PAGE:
And the coffin was lifted…

(Harmain Sultan, )

The atmosphere echoed with heart wrenching screams and her world turned upside down.
She was looking at her grandfather’s belongings and two old worn out diaries caught her sight. She set aside the placards and letters that she held in her hands and sat on the hard mattress of the bed. She wasn’t sure whether she should open the diary, not because of the fact that you’re not supposed to look into someone else’s personal things. She was already familiar with all the numbers written in the diary because Baba would ask her, almost every day, to open his diary, look for a name and dial the number. She used to stand near his large, comfortable sofa and listen to the long conversations that he had with his friends. Often, a friend of his would call to talk about some publication related stuff and he would, very gladly, put aside his tasks, talk, laugh and, with a sigh, put the receiver back. She smiled as the nostalgic thoughts ran vividly like a film in her mind. As she looked down, she looked at the diary, each and every page of which she knew by heart, but which now appeared alien to her. Her thighs were getting numb under the weight of the old worn out leaves. She touched the top right corner of the hard cover and ran her fingers slowly through its sides. A lump was forming in her throat, adrenaline began to accumulate and she stood. With trembling hands, she held the diary to her heart as if the diary was not just a compilation of pages but a physical form of Baba. Walking to and fro she talked herself out of not opening the diary ever and mustering up all her courage, she sat on the couch and opened it. The brown paper was colored black with Baba’s slanting writing, a circled note here and a number there. She touched the tiny words and smelled the ink and she could actually see Baba smiling at her from behind the table where he used to sit and wrote all 15 of his books. Tears fell from her eyes as she turned the pages; page after page and with every leaf turned, the bitter truth dawned upon her. Even drenched in Baba’s smell, the diary was still a diary, a non-living manifestation of him but not him…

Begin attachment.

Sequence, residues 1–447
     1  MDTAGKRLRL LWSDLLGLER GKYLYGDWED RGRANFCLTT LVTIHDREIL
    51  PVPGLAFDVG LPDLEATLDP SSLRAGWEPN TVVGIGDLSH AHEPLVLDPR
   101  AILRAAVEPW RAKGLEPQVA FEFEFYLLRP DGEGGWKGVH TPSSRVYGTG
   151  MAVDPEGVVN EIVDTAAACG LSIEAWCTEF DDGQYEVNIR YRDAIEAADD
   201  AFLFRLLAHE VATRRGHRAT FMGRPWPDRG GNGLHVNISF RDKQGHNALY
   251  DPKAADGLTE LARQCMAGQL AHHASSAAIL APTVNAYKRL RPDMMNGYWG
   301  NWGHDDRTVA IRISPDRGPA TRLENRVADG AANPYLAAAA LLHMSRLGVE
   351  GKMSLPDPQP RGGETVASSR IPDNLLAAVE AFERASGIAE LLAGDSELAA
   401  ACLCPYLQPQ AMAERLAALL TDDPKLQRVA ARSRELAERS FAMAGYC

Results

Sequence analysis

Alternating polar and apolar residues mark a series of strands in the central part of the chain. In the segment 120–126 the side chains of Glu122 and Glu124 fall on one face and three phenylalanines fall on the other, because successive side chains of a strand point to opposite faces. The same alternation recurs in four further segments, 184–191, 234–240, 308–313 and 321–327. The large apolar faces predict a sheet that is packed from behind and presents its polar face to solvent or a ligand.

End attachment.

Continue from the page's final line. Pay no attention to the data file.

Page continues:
It’s been four years now but it feels like yesterday, when she was standing in the ICU, looking at the skeletal figure on the bed. He was there, alive and breathing but was he? Perhaps, he was gazing at something far more distant than you and I can imagine. They say the eyes are windows to the soul and maybe it was his soul looking out through the windows. I don’t know if anyone else saw the sheer sadness that she did, as if he was trying to say something very important but couldn’t find appropriate words for it. She turned her eyes away not because she could not bear to see the breathing skeleton, but because the intense glare ruptured her heart so much that adrenaline began to accumulate in her. Turning back, she tried to utter something but her speech articulators rebelled and so, with quick steps she, almost, ran out of the hospital wing. Sitting inside the car, she looked at numerous sick people and for the first time in her whole life she could actually feel their pain and agony. She felt awkward because, never before had she ever felt that way for the sick. She used to say that the world can’t stop for those who’re too weak to compete in the race of life. And yet, here she was staring at the poor patients, tears falling in her lap, wishing she could do something…something.
Her thoughts wandered and she remembered the day when Baba had expressed his desire for her to study medicine and be a doctor. She was feeling very energetic that day because, finally, somebody had given her a cause to live for, a dream to cherish. She had decided in her mind and pledged in her heart that she will burn midnight’s oil and be a doctor for him because this was the first time that he has asked something of her.
She was startled when the front door of the car opened and her father collapsed in, crying helplessly. There, in her heart she knew what had happened but could not dare to bring the words to her lips or even confront the thought face front. Everywhere was darkness, her mind turned numb, nothing was left… but the world didn’t stop neither did the race in which every human being is engaged.

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